• Aesop considers in this story that the wolf symbolizes ruthless and cruel tyrants who always find a pretext to obtain what they want.

Dr. Montoneri

part iii the wolf11
Part III. The wolf

In Little Red

  • In the French story written by Perrault, the wolf wins and the little girl and her grand-mother die
  • In the version written by the Grimm brothers, Little Red Cap, they are saved and the wolf dies
  • The wolf is depicted as smart. He plays tricks like the fox but looks much more frightening
  • The wolf represents all the vicious instincts of men: he is a womanizer, attractive and dangerous
  • He seduces young and innocent girls and brings to them and to their family shame and dishonor

Dr. Montoneri

part iv the fox
Part IV. The fox
  • In Pinocchio
  • The fox is smart, but he is a liar and a thief. He will do anything to steal Pinocchio’s money.
  • At one point, Pinocchio is beaten and hung.
  • His look and his behavior make him funny: he speaks like a gentleman, but looks like a tramp.
  • He convinces the puppet to bury his pieces of gold in the ground, at the Field of Wonders.
  • He makes Pinocchio believe that after a while, he will find a tree loaded with gold pieces.

Dr. Montoneri

part iv the fox14
Part IV. The fox

In the Little Prince

  • Saint-Exupéry (1900-1944) published the story in 1943. The Little Prince is now one of the most famous books for children ever written.
  • The fox is represented as cute, smart and wise. He appears in chapter 21 where he explains to the little boy the meaning of love and friendship.
  • The fox tells the prince his secret: “It is only with the heart that one can see rightly; what is essential is invisible to the eye.”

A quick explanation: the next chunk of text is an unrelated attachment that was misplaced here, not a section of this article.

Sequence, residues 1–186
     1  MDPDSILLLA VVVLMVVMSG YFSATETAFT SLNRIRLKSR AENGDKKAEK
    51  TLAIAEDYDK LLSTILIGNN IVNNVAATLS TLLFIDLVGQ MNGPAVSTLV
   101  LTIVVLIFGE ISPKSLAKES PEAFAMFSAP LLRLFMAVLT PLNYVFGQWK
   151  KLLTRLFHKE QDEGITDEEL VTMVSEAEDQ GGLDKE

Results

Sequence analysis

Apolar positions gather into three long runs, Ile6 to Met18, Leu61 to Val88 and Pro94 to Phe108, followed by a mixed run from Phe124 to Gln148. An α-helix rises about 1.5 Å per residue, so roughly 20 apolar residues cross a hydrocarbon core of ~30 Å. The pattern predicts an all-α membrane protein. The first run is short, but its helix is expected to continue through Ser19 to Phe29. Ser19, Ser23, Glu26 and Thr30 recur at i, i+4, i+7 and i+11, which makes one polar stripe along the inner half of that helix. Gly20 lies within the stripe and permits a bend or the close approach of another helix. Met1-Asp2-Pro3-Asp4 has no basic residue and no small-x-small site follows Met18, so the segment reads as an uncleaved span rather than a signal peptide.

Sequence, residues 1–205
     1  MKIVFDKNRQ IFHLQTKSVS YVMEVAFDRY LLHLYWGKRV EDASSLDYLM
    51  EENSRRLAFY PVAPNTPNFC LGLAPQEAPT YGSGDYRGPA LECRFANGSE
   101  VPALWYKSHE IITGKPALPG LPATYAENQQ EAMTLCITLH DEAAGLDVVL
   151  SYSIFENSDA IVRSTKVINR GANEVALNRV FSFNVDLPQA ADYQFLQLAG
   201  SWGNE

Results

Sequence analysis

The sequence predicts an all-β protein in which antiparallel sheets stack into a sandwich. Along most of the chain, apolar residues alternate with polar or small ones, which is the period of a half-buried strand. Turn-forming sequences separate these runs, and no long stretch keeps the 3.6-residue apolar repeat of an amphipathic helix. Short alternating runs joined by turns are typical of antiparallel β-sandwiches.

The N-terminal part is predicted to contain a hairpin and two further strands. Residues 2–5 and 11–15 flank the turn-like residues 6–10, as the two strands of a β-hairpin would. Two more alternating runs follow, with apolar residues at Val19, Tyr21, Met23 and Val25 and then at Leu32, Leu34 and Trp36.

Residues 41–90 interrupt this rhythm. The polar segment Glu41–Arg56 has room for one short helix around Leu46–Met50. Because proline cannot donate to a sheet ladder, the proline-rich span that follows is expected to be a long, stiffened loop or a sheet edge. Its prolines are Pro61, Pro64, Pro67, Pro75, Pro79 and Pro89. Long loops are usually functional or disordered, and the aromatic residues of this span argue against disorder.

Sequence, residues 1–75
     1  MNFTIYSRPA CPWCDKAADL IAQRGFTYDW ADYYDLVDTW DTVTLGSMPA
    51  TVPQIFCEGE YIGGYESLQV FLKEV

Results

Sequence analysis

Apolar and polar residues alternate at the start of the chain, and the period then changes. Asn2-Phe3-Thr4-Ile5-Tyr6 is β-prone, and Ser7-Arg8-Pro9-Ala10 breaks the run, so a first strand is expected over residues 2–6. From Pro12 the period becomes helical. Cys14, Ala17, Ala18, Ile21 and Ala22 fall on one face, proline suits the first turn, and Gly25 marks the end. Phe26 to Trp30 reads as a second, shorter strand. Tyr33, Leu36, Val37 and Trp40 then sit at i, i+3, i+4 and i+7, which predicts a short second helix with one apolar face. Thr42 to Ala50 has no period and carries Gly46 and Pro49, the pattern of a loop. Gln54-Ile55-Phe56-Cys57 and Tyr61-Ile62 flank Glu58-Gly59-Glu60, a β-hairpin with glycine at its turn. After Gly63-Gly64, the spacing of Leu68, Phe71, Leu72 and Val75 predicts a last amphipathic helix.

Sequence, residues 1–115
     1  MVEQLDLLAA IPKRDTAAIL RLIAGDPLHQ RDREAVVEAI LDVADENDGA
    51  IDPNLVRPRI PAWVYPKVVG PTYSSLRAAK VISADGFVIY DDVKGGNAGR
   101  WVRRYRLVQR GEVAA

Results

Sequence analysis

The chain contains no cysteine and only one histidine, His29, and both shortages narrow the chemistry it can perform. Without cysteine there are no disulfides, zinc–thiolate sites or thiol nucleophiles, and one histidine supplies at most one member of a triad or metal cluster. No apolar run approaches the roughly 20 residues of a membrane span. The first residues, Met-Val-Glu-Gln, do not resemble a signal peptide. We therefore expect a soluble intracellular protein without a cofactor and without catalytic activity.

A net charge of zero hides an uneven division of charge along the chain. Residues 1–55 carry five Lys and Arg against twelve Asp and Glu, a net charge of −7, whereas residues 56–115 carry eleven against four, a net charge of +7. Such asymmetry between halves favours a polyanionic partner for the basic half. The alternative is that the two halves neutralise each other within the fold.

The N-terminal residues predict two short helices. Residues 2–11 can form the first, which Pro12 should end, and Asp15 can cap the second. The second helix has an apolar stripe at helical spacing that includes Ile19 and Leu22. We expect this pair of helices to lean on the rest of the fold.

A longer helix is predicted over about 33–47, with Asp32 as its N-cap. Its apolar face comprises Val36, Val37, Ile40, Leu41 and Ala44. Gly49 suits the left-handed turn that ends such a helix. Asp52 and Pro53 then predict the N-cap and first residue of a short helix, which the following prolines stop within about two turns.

Dr. Montoneri

conclusion
Conclusion
  • Anthropomorphized animals are used to portray stereotypical human characters
  • The lion has always been associated with majesty and nobility; people love this symbol of power and grandeur, even if lions sleep around 20 hours a day
  • During the Middle Ages, the cat was associated with witches and with the devil. Even if the cat in Puss in Boots is trying to help his master, he spreads lies and threatens people. He is clearly a ruthless killer.

Dr. Montoneri

conclusion17
Conclusion
  • The big bad wolf is famous from fairy tales like Little Red and from fables written by Aesop and La Fontaine. The wolf is evil, vicious, rapacious, and cruel. He is a bloodthirsty killer. No wonder why he has been persecuted for centuries.
  • The fox too was considered as a demonic creature, cunning and vicious. Before the publication of the Little Prince, the fox was a liar and a cheater, always ready to fool naïve people and to flatter the powerful.

Dr. Montoneri

references
References

Books

  • Les Contes de Perrault, dessins par Gustave Dore. Paris: J. Hetzel, 1867
  • Joseph Jacobs, the Fables of Aesop (New York: Schocken Books, 1966)
  • Saint-Exupéry Antoine de, Le Petit Prince, Gallimard, Paris, 1998, 123 pages

Dr. Montoneri

references19
References

Online

  • http://www.surlalunefairytales.com
  • http://www.ibiblio.org/wm/paint/auth/dore
  • http://www.lafontaine.net
  • http://www.worldwideschool.org/library/books/youth/classic/TheAdventuresofPinocchio/toc.html
  • http://www.msmagazine.com/summer2004/danceswithwolves.asp

Dr. Montoneri

thank you
Thank you

Dr. Montoneri